Wheeling, West Virginia experienced a dramatic rise in violent crime and drug offenses last year — and the two may be connected. In 2012, the Wheeling police department investigated 33 “forcible sex offenses,” which amounted to more than twice the number in 2011. Likewise, robbery and weapons crimes had spiked compared to the previous year. The police also investigated 214 drug crimes, an increase of 45% since last year.
Wheeling Police Chief Shawn Shwertfeger believes that the rise in violent crime is related to the increase in drug abuse both in West Virginia and across the Ohio Valley. Currently, West Virginia has the highest rate of death from drug overdose in the United States. Yet police enforcement might not be enough to battle the epidemic. Already West Virginia prisons and jails are overcrowded, in part, due to people being jailed for drug crimes.
Instead, Chief Shwertfeger thinks that a more comprehensive approach needs to be taken. One is already being applied: drug treatment programs in lieu of a prison sentence. However, drug pipelines also need to be closed, and federal funding for law enforcement and public health needs to be directed toward drug abuse.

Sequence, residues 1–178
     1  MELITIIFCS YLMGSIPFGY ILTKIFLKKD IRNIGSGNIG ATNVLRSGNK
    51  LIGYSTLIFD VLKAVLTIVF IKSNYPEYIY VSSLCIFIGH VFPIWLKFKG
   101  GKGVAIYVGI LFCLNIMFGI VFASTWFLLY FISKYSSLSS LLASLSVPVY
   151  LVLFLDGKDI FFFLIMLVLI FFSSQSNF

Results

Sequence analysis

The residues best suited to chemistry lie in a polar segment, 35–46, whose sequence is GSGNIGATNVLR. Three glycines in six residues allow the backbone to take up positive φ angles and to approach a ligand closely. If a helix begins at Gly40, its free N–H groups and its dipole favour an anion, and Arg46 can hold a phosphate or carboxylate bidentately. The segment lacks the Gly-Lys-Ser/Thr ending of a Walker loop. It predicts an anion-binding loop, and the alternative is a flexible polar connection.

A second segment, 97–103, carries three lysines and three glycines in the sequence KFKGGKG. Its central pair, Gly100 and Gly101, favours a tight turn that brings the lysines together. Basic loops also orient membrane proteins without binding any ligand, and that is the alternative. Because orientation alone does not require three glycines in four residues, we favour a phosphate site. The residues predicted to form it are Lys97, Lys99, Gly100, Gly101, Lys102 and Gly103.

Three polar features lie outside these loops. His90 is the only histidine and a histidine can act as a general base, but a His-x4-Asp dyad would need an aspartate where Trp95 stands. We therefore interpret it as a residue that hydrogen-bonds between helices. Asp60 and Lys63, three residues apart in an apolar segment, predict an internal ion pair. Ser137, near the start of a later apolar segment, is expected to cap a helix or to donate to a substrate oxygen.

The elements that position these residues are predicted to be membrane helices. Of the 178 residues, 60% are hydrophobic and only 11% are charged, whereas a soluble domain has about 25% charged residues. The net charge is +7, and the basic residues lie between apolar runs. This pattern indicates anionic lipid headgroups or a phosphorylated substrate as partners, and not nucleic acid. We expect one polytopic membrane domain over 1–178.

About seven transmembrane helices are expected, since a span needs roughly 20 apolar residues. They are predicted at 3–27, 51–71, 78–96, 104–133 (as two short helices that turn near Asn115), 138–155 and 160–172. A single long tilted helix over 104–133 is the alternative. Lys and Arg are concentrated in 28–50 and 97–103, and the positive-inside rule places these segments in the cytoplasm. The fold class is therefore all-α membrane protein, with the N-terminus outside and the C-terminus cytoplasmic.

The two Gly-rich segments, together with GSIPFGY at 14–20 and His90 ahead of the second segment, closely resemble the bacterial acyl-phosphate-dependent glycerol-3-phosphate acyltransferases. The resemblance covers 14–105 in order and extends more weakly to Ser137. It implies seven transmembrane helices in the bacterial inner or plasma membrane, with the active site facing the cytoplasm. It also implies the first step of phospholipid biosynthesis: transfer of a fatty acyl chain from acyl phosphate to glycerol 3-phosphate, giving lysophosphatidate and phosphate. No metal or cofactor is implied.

In West Virginia, the drugs most frequently used and/or manufactured include methamphetamine, marijuana, cocaine, crack, ecstasy, and pharmaceutical drugs. Crack cocaine tends to be used by low or lower-middle income people, while cocaine sources are more varied and based on the trafficker’s location. Methamphetamine is frequently manufactured in West Virginia homes and has increased threefold over the past several years. Marijuana is both locally cultivated and imported, and ecstasy can be easily obtained in the area around West Virginia University. The state also has a series of pill mills where licensed doctors write prescriptions for drugs in exchange for money, regardless of whether the patient has an illness that could be treated by that drug.
The crime and drug problem are also quite likely linked to poverty — West Virginia has one of the highest poverty rates in the nation, rising to 16.9% in 2011 compared to 15.1% across the entire country. It is clear that economic needs must be addressed as well as drug treatment needs. And as Chief Shwertfeger noted, the solution cannot always be a prison sentence. Obviously if the drug abuse is attached to a violent crime, then prison is appropriate, but not when the law breaking is solely drug related.
That is why if you have been arrested for using drugs, you need to hire an experienced West Virginia criminal defense attorney. A criminal defense attorney will be able to defend your rights, and through plea bargaining, may very well be able to get you probation and drug treatment instead of prison. That is very important because some people just need rehabilitation and a fresh start. Yet too often people are provided with poor representation — such as an overworked public defender — who does not utilize every option that is available, so the individual ends up going to prison needlessly. Finding the right criminal defense attorney can make all the difference.